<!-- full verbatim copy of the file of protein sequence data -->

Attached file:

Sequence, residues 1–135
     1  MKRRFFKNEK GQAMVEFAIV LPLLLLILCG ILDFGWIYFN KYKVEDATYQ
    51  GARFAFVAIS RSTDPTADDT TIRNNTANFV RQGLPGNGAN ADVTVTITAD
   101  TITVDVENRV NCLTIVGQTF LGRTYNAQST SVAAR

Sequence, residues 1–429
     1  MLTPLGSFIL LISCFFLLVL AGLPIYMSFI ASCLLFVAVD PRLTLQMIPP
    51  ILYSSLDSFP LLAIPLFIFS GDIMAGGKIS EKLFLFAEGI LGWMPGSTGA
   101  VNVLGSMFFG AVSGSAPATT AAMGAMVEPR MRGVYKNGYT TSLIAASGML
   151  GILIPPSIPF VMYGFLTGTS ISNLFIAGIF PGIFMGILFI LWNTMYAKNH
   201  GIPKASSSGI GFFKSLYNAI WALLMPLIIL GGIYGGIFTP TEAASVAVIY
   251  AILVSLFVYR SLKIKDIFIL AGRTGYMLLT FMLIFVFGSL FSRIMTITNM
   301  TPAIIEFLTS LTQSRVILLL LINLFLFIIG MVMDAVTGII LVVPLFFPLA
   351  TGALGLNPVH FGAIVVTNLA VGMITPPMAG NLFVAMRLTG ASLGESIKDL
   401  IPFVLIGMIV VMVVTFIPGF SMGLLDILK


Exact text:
Sequence, residues 1–135
     1  MKRRFFKNEK GQAMVEFAIV LPLLLLILCG ILDFGWIYFN KYKVEDATYQ
    51  GARFAFVAIS RSTDPTADDT TIRNNTANFV RQGLPGNGAN ADVTVTITAD
   101  TITVDVENRV NCLTIVGQTF LGRTYNAQST SVAAR

Sequence, residues 1–429
     1  MLTPLGSFIL LISCFFLLVL AGLPIYMSFI ASCLLFVAVD PRLTLQMIPP
    51  ILYSSLDSFP LLAIPLFIFS GDIMAGGKIS EKLFLFAEGI LGWMPGSTGA
   101  VNVLGSMFFG AVSGSAPATT AAMGAMVEPR MRGVYKNGYT TSLIAASGML
   151  GILIPPSIPF VMYGFLTGTS ISNLFIAGIF PGIFMGILFI LWNTMYAKNH
   201  GIPKASSSGI GFFKSLYNAI WALLMPLIIL GGIYGGIFTP TEAASVAVIY
   251  AILVSLFVYR SLKIKDIFIL AGRTGYMLLT FMLIFVFGSL FSRIMTITNM
   301  TPAIIEFLTS LTQSRVILLL LINLFLFIIG MVMDAVTGII LVVPLFFPLA
   351  TGALGLNPVH FGAIVVTNLA VGMITPPMAG NLFVAMRLTG ASLGESIKDL
   401  IPFVLIGMIV VMVVTFIPGF SMGLLDILK